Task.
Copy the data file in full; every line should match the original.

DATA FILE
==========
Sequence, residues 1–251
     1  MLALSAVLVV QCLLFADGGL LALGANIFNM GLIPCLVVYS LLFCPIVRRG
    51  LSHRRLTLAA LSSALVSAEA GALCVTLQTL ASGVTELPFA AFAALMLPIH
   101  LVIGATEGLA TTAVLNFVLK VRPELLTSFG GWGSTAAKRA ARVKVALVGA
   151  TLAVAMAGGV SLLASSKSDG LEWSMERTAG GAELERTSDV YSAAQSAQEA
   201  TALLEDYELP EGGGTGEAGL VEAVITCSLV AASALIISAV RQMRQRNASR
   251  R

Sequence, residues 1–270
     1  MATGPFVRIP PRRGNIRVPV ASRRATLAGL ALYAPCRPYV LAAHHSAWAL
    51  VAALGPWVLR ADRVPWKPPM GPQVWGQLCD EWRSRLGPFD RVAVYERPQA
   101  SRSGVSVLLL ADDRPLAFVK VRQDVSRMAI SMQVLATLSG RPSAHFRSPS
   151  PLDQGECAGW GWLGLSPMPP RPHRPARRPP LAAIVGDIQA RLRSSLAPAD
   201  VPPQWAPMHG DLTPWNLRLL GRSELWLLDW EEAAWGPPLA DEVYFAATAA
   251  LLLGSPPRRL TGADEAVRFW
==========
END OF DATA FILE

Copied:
Sequence, residues 1–251
     1  MLALSAVLVV QCLLFADGGL LALGANIFNM GLIPCLVVYS LLFCPIVRRG
    51  LSHRRLTLAA LSSALVSAEA GALCVTLQTL ASGVTELPFA AFAALMLPIH
   101  LVIGATEGLA TTAVLNFVLK VRPELLTSFG GWGSTAAKRA ARVKVALVGA
   151  TLAVAMAGGV SLLASSKSDG LEWSMERTAG GAELERTSDV YSAAQSAQEA
   201  TALLEDYELP EGGGTGEAGL VEAVITCSLV AASALIISAV RQMRQRNASR
   251  R

Sequence, residues 1–270
     1  MATGPFVRIP PRRGNIRVPV ASRRATLAGL ALYAPCRPYV LAAHHSAWAL
    51  VAALGPWVLR ADRVPWKPPM GPQVWGQLCD EWRSRLGPFD RVAVYERPQA
   101  SRSGVSVLLL ADDRPLAFVK VRQDVSRMAI SMQVLATLSG RPSAHFRSPS
   151  PLDQGECAGW GWLGLSPMPP RPHRPARRPP LAAIVGDIQA RLRSSLAPAD
   201  VPPQWAPMHG DLTPWNLRLL GRSELWLLDW EEAAWGPPLA DEVYFAATAA
   251  LLLGSPPRRL TGADEAVRFW